Days off are tricky, right? You never have an actual day off in real estate. We live in West Chelsea, and it's really nice that there are a lot of art galleries, and they're all free, which is amazing. We can just walk around a few blocks from our apartment and see art for free. It's an easy thing to do to get outside. We love to go shopping together. We live near the meatpacking district, and the High Line park is a block away from our house. And right now Julianna is really into riding her scooter, so it's a very easy after-dinner activity to just jump on the scooter and go on the High Line for a quick walk. And it's great for fresh air and people watching and scenery, so it's fun.

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Where do you see yourself in 5 or 10 years?

I'd like to still be a real estate agent, and I'd like to still be a mom. I'm very comfortable and happy with having one child, so that's the plan for now. I really like living in New York City, so I hope that not much has changed in five years, except that my business has grown.

What advice would you give to your 2012 self, before you met Ryan Serhant?

When I met Ryan, he asked me a lot of questions about my background being in real estate and the contacts that I've had. And one thing that I did not have at the time was a personal contact list. After I met with Ryan, and he emphasized the importance of that, I have been really diligent since then of keeping a personal contact list of friends, family, clients, people that I meet just casually and just building that network. And I never really was given that advice early on in my career, which is a shame because for 10 years prior, I could have been building this network.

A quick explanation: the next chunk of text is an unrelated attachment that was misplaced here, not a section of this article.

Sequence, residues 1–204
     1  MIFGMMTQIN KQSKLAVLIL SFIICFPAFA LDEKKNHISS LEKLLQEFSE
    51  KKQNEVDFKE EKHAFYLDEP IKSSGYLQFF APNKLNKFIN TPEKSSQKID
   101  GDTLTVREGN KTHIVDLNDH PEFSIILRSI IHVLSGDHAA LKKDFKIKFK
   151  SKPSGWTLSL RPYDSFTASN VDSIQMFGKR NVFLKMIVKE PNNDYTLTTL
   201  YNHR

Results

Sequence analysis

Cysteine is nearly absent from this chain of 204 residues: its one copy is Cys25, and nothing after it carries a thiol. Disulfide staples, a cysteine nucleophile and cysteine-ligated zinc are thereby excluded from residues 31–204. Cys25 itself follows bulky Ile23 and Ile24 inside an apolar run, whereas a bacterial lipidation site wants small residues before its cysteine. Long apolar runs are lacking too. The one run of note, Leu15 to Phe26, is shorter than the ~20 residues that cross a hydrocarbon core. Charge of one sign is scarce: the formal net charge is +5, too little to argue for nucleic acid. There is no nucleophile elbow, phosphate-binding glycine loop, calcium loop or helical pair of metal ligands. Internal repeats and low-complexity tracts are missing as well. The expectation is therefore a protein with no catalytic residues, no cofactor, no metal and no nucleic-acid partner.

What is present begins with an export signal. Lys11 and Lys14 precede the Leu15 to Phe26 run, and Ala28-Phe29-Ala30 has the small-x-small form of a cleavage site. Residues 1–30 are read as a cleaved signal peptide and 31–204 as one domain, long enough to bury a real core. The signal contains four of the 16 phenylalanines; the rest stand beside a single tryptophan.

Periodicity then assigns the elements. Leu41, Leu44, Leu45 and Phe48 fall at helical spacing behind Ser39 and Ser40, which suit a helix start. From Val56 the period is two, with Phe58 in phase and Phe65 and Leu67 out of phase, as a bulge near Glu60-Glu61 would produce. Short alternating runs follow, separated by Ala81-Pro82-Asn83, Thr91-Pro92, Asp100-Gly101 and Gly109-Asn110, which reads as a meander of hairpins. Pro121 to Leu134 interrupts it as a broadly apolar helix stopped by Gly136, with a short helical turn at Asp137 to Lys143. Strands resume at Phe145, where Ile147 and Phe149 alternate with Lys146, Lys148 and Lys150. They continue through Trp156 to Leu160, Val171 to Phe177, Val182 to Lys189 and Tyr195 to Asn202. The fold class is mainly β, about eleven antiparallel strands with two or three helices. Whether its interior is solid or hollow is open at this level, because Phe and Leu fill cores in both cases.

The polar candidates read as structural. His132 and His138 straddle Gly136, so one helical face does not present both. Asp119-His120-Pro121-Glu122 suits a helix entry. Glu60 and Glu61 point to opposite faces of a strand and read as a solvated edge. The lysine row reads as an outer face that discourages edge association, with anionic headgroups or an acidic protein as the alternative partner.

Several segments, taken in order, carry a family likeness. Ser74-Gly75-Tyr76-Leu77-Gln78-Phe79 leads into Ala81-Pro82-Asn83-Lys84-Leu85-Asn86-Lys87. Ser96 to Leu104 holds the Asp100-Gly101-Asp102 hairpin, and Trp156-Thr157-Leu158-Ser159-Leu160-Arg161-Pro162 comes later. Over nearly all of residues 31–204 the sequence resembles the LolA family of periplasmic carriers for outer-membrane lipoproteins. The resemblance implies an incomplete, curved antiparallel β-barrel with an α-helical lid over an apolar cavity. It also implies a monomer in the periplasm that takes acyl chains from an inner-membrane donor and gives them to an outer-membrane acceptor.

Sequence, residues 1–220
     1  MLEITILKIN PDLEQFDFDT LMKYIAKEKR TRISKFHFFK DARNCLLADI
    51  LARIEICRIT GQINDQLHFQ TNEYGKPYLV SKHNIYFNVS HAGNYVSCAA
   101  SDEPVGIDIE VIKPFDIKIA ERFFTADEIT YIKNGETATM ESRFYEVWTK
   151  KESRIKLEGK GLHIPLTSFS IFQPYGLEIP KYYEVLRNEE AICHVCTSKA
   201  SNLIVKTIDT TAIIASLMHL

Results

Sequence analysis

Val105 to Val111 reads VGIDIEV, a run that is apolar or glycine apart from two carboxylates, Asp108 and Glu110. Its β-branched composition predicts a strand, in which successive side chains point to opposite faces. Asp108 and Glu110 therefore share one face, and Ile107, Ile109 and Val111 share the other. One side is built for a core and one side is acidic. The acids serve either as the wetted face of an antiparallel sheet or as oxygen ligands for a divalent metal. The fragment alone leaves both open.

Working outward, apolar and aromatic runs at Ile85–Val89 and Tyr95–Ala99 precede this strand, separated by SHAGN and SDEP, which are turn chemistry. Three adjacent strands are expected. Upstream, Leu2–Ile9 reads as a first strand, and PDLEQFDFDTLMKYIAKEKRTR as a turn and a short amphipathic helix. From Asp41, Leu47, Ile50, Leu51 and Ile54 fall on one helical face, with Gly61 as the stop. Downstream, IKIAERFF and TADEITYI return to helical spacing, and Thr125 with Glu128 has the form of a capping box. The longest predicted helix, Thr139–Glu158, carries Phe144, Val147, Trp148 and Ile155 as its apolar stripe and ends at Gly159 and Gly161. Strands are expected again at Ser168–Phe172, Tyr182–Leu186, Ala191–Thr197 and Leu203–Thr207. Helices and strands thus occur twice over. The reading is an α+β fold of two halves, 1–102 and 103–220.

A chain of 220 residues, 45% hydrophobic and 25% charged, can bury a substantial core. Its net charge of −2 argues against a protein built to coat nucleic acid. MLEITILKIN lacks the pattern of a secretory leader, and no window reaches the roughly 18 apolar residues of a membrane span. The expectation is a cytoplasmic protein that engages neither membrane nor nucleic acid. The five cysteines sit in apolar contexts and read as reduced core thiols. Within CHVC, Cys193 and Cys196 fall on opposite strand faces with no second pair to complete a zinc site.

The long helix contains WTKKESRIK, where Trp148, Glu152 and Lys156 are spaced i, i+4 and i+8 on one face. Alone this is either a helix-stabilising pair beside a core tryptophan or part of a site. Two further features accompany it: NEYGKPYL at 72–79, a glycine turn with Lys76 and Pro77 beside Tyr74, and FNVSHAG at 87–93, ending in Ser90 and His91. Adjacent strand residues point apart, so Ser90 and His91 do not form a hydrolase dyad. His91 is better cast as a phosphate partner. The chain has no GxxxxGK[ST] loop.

I really appreciated that advice, and I like to tell new agents the same thing or even a lot of young women that I meet. They are constantly asking me about advice for their business or just in general, and that's one of the first things I tell them because it's really invaluable to have that accessible to you. And I think as a young person starting a career, that's probably the last thing they think about.

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Images via Tate Tullier